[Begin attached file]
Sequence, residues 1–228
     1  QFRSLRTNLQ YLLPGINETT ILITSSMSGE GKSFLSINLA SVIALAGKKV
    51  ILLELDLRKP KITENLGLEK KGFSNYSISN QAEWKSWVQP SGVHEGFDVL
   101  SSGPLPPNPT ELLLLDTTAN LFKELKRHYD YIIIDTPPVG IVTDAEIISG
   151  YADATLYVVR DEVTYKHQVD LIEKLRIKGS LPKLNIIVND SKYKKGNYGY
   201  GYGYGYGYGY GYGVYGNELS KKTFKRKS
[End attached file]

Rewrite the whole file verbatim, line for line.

Sequence, residues 1–228
     1  QFRSLRTNLQ YLLPGINETT ILITSSMSGE GKSFLSINLA SVIALAGKKV
    51  ILLELDLRKP KITENLGLEK KGFSNYSISN QAEWKSWVQP SGVHEGFDVL
   101  SSGPLPPNPT ELLLLDTTAN LFKELKRHYD YIIIDTPPVG IVTDAEIISG
   151  YADATLYVVR DEVTYKHQVD LIEKLRIKGS LPKLNIIVND SKYKKGNYGY
   201  GYGYGYGYGY GYGVYGNELS KKTFKRKS